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Scientists built a spacecraft that converts junk to fuel

A new debris-eating spacecraft could clean up the skies.

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It turns out that the sky is full of space debris, which poses a threat to craft and satellites orbiting Earth. A team of scientists at Tsinghua University in Beijing, China have come up with a way to remedy this. They've developed a spacecraft that collects the debris in a wide-cast net and uses it as fuel to propel itself forward. This technically means it could keep cleaning forever, unless an unforeseen event brings its efforts to an untimely end. Lasers have been developed for eliminating larger pieces of space junk, however aren't designed for smaller bits that are harder to locate and track. That's where Lei Lan and her team come into the picture.

The team came up with a way to use the breakdown of debris as a source of fuel. Pieces that are less than 10cm (approximately four inches) in size are caught in a net and then passed through a ball mill. This is a rotating cylinder that pulverizes the junk into a fine powder. It is then heated and passed through a system that sorts out the positive from the negatively charged ions. The positive are pushed through an electric field which increases their overall energy, generating thrust, while the negative are expelled into the surrounding space.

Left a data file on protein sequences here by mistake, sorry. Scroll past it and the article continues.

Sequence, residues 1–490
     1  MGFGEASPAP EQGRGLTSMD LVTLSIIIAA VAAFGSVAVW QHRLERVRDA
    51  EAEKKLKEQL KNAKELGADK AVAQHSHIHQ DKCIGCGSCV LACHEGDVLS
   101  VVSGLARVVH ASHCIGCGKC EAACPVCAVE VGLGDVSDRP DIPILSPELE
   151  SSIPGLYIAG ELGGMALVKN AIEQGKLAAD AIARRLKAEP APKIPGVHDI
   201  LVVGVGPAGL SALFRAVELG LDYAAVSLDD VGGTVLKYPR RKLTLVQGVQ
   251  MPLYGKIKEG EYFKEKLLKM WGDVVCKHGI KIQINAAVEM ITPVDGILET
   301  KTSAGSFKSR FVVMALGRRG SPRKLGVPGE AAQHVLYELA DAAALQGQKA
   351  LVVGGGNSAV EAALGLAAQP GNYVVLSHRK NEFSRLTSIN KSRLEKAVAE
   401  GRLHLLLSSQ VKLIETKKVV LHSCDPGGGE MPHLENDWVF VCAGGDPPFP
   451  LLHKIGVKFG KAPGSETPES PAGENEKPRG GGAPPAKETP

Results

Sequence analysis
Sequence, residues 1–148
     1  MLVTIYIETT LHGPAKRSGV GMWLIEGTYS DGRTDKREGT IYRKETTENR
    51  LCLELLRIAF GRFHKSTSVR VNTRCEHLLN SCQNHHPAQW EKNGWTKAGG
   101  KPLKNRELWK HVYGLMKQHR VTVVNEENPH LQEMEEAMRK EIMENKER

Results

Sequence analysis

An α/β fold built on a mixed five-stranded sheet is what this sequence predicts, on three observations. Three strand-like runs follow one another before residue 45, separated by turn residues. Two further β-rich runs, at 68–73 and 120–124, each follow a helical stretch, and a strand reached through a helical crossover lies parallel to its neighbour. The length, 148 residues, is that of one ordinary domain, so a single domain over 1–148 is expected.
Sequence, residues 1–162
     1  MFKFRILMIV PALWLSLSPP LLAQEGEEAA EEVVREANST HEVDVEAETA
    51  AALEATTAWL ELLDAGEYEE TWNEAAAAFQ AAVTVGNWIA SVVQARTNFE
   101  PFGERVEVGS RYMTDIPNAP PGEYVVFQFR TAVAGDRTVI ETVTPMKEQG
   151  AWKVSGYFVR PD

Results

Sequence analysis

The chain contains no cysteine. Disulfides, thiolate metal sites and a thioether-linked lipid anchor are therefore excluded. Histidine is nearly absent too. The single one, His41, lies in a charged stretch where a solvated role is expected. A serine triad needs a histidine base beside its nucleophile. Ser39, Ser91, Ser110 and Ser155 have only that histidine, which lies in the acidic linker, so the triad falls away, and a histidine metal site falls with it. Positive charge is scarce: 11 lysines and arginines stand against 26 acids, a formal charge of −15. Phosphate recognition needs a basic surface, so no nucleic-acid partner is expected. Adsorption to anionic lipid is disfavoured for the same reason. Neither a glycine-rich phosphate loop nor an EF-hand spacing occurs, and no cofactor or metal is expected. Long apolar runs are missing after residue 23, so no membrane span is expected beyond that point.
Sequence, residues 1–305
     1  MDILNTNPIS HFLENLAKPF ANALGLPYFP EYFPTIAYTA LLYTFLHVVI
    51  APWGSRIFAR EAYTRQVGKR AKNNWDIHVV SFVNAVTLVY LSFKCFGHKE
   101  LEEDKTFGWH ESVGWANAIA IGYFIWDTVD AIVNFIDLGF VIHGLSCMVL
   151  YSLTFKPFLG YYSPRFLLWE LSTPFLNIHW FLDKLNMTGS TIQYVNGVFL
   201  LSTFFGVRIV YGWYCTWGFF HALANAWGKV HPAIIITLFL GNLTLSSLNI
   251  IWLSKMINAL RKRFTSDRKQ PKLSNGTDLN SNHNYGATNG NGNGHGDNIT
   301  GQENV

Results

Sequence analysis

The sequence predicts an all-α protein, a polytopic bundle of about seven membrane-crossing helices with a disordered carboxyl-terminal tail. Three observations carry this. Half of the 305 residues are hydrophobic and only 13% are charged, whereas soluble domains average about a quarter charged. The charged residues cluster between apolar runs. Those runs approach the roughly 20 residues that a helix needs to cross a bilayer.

What's unclear, though, is how the spacecraft will run. MIT Technology Review notes that yes, the craft won't need a propellant, but it needs a power source for the ball mill to run. The team stated that the craft can use a combination of solar and nuclear power, but didn't really go into what the safety implications are from having a nuclear-powered object orbiting Earth.

[Image credit: HENDRIK SCHMIDT/AFP/Getty Images]

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